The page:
Feature Story

Building community

Brent Harris ('11) launches New Brunswick's first tool library and shop in Saint John
By: Laura Dillman Ripley

Builders from all areas and ages could take a page from Brent Harris’ book.

Harris is the founder of the Saint John Tool Library (SJTL), New Brunswick’s first non-profit tool library and DIY (do-it-yourself) centre, based in the heart of the city.

“When I returned to the Saint John area with my family, I lived with five or six of my friends in the south end of the city,” he says. “I saw a lot of disconnect between the needs of these neighbourhoods and the resources being made available. I thought it was important to be closer to these issues to help find better solutions. The SJTL is one way we hope to help make these connections.”

The SJTL uses the model of public libraries. Patrons can borrow any of the 700 tools available at the site at no charge. The group recently added community classes covering basic home maintenance and repairs such as wood working, using power tools, and crack filling drywall. The organization, which has four full-time staff members, also offers construction and contracting services.

The facility, which Harris describes as a cross between a co-op and a social enterprise model, is funded by membership holders. Established in partnership with the Pond Deshpande Centre for Social Innovation at UNB, and Economic Development Greater Saint John (EDGSJ), the SJTL opened its doors in 2018.

Harris says they see individuals from all over the city using the library.

“We have people using the tool library for many reasons. Tools are expensive and take a lot of resources to make, they can be hard on both finances and the environment,” says Harris. “For many, it’s just not efficient or affordable to own and store a tool you will only use a handful of times. I like the phrase, ‘It’s not the tool you need, you need the task done,’ the hole in the wall is your goal, not the drill. This way of thinking could be applied to a lot of different material goods in our society, things like small kitchen appliances, craft supplies.”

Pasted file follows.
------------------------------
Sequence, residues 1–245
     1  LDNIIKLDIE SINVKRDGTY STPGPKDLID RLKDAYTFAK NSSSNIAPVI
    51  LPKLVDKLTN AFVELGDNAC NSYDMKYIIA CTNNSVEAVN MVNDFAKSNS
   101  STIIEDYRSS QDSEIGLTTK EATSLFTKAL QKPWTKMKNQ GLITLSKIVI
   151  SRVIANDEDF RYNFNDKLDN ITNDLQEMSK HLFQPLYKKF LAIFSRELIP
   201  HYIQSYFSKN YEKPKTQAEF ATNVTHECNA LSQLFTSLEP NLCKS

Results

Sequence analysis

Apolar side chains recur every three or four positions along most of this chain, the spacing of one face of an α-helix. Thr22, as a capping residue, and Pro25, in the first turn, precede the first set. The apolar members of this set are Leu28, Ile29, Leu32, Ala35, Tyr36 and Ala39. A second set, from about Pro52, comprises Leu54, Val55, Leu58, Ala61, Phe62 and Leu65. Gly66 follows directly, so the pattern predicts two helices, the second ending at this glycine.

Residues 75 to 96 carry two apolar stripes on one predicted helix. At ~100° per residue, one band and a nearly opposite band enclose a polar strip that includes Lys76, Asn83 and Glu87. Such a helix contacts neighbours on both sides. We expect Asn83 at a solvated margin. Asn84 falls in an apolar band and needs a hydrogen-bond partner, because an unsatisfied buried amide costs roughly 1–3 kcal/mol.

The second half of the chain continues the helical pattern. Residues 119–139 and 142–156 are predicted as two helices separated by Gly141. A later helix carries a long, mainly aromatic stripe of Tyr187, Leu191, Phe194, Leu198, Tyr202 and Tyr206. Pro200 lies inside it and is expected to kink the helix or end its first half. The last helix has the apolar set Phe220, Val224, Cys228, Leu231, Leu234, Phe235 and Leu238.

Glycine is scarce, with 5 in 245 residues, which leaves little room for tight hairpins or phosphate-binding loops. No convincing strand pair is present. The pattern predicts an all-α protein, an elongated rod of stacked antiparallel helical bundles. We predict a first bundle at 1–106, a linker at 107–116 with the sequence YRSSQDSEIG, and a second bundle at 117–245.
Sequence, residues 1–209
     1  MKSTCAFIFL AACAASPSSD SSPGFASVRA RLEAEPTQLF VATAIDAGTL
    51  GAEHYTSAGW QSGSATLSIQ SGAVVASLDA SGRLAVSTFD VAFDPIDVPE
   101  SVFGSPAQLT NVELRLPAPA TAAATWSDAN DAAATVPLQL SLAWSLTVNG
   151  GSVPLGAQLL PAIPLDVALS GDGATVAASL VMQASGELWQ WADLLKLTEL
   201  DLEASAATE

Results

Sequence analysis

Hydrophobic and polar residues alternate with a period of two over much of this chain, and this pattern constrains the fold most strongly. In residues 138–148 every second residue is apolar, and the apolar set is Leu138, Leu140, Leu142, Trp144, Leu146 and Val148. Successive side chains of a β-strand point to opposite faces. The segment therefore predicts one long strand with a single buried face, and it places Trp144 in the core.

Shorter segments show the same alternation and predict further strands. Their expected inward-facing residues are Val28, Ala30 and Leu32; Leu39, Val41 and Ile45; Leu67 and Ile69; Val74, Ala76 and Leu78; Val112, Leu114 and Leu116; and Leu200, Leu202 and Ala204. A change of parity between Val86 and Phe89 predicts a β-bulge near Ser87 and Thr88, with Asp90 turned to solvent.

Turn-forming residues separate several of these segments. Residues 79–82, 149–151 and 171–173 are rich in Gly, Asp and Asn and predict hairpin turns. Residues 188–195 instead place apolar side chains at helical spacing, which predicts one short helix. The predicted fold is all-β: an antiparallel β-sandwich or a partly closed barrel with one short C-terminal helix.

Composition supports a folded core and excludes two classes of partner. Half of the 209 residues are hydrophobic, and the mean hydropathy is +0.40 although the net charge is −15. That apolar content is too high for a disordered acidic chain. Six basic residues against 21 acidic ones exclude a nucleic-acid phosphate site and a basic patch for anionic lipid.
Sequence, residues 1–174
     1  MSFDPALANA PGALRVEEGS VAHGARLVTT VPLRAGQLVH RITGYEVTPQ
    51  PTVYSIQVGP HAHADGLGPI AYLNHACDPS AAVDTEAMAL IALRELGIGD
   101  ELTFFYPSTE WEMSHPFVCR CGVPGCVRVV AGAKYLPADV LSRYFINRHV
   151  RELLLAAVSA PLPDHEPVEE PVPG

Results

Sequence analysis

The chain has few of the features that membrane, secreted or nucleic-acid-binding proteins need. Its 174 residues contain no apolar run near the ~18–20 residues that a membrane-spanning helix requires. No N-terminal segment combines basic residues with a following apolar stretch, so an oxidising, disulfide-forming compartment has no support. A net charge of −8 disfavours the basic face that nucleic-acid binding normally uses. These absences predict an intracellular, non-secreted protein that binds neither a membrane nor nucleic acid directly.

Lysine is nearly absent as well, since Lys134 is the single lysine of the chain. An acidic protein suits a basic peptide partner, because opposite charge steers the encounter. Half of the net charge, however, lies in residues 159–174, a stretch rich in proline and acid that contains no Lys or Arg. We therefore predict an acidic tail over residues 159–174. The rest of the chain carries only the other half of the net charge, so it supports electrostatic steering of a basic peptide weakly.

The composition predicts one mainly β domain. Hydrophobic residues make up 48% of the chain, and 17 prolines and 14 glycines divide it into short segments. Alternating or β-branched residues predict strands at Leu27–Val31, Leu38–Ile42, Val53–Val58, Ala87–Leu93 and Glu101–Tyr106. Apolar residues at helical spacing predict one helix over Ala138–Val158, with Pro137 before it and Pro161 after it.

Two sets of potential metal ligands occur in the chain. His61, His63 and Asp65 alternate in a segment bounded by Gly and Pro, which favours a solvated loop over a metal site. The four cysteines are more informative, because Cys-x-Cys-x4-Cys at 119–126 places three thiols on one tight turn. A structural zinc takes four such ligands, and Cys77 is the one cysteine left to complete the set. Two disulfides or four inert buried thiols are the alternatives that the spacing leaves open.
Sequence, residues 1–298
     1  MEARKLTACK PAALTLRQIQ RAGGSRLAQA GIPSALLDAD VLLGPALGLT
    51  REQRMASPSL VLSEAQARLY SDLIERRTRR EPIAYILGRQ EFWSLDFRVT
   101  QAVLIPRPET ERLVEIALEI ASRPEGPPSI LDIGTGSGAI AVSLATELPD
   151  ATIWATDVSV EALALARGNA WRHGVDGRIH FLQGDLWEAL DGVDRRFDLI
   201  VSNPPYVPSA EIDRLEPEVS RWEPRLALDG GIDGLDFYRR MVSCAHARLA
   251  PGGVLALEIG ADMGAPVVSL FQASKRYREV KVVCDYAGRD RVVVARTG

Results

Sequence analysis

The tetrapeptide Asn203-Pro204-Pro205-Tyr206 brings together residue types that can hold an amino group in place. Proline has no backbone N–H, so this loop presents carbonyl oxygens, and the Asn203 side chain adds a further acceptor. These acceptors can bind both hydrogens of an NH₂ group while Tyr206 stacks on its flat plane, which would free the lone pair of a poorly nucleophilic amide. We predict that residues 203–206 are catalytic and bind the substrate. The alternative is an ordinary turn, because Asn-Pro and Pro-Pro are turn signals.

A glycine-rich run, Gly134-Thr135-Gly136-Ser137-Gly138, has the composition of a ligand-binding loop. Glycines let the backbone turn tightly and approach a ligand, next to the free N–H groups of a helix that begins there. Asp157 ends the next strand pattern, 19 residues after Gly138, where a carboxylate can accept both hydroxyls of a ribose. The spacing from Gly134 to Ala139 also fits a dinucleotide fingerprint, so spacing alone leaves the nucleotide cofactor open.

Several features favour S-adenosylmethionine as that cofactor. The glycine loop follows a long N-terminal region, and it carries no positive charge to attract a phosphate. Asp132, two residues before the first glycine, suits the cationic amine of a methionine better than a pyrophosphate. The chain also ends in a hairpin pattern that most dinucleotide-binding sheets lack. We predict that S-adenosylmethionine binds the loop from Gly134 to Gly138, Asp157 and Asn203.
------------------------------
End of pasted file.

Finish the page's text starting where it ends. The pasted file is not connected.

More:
Harris, who holds a degree in international relations from Mount Allison, says he was always interested in construction and contracting work. He worked on a construction crew every summer throughout university.

“I enjoy this work and it was always something I came back to,” he says. “I worked for International Needs Canada, an NGO based in Toronto, after graduation. But I decided to come back to construction and contracting work through the tool library.”

Saint John Tool Library Community BuildThrough Harris’s vision, the SJTL has also established a Community Build outreach component, literally and figuratively.

“The Community Build initiative seeks to bring the culture of barn raising into the 21st century,” he explains. “We bring a team of volunteers together, collect donations, and work together to get a construction job done for a qualifying applicant.”

Community Build applications are open to anyone who is a homeowner or a landlord with a compelling story of need and tenant support. Harris and the SJTL recently made headlines when they began work restoring a rundown property on Saint John’s historic Victoria Street.

While the SJTL and its supporting projects have a strong presence in the city’s Upper East Side, Harris acknowledges this model of social enterprise and community adaption takes time.

“The model for tool (and other) libraries is a good one; we see this success in our public library system,” says Harris. “Our main goal is to become a sustainable organization with membership support. Once we have this, we can help grow seed money for other tool libraries in the region.”

Learn more about the Saint John Tool Library: